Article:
Jordan discussed how he had to “lobby the government to keep CNN’s Baghdad bureau open and to arrange interviews with Iraqi leaders. Each time I visited, I became more distressed by what I saw and heard — awful things that could not be reported because doing so would have jeopardized the lives of Iraqis, particularly those on our Baghdad staff.”

It is one thing to desire freedom of the press; it is entirely another thing to actually have it. Even an organization with as much presence as CNN could not publish the unvarnished truth in Iraq. When dealing with such situations, one must make accommodations with the ideal circumstances, as CNN did. It simply is impossible to do otherwise.

Do we want news sources tainted by paying for stories? No more than we want them tainted by fear of reprisal, lack of access, or murder. What we want is accuracy, and I’ve not seen claims that the paid-for stories in Iraq were anything but accurate. Within the context of the situation, paying for access to the media or “lobbying the government” for access would seem to be quite similar.

http://www.freerepublic.com/focus/f-news/890515/posts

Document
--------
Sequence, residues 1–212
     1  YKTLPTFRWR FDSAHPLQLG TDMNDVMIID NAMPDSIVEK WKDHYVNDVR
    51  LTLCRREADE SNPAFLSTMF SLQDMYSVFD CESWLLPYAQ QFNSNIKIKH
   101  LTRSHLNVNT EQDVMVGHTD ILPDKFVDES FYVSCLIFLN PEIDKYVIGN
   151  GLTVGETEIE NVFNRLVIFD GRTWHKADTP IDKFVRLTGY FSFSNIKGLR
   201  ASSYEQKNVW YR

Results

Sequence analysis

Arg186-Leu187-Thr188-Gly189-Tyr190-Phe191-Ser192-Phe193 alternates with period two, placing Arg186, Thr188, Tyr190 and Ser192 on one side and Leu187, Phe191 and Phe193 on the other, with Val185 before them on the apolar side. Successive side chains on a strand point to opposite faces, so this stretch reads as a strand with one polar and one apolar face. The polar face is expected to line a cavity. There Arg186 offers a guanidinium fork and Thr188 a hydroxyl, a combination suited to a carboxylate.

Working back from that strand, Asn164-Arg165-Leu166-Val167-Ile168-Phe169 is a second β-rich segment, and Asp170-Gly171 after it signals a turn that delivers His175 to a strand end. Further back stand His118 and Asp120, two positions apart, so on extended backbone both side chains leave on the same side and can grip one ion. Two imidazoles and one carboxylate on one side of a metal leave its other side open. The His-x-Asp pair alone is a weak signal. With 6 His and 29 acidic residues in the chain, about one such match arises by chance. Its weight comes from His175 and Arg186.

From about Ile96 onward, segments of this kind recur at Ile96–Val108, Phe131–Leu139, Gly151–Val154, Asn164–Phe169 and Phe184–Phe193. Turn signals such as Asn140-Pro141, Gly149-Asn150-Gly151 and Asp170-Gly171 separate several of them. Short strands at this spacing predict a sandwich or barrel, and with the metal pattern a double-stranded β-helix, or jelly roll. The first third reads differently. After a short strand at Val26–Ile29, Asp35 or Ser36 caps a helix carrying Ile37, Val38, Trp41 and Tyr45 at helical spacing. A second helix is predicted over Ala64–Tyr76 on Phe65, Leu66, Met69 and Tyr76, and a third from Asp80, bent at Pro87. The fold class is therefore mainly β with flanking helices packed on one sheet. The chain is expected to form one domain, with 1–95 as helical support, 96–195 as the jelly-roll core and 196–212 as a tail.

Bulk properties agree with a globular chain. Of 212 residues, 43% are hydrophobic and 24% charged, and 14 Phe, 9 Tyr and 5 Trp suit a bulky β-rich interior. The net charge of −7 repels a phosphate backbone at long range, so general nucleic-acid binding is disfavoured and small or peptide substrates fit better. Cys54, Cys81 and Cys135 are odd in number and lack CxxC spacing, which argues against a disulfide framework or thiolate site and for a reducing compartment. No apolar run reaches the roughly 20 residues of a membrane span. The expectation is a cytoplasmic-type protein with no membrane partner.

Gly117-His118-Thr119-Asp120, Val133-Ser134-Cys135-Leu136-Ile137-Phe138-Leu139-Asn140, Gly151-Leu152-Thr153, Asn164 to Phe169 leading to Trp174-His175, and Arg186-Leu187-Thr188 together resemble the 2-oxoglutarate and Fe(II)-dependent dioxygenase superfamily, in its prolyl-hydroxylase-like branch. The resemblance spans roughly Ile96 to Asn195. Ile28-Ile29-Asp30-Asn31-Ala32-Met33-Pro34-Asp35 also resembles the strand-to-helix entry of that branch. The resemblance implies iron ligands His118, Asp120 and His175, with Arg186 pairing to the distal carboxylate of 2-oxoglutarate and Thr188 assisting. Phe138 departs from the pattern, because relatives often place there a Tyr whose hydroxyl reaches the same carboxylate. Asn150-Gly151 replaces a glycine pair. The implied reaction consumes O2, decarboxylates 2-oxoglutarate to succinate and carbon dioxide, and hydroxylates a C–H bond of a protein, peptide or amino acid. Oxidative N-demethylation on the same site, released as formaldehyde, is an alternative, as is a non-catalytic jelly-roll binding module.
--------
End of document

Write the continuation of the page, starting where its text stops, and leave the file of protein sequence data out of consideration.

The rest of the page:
Posted by: joebagodonuts at January 17, 2006 11:38 AM
Comment #114039
Conditions in the Iraqi media are not as fair and balanced as we might find in Fox News. Posted by Jack at January 15, 2006 05:30 PM
(1) I vote this quote as “Best joke of the year” for several levels. To start with the premise that Fox News is fair and balanced is absurd. But, I guess if you look at Iraqi media as really really seriously screwed up then FOx isn’t so bad ???

(2) I believe it is illegal for the US government to pay for “propoganda”. But we all know how much Bushie likes to play with the law (and the ‘truth’), so what’s the surprise?

Posted by: Dave at January 17, 2006 12:53 PM
Comment #114053

Dave:

Sorry to be speaking for Jack, but I just can’t resist commenting on how badly you misstated what Jack said. When he said “Conditions in the Iraqi media are not as fair and balanced as we might find in Fox News.”, that is not an endorsement of Fox. Its simply a statement of how unfair and unbalanced the Iraqi media is.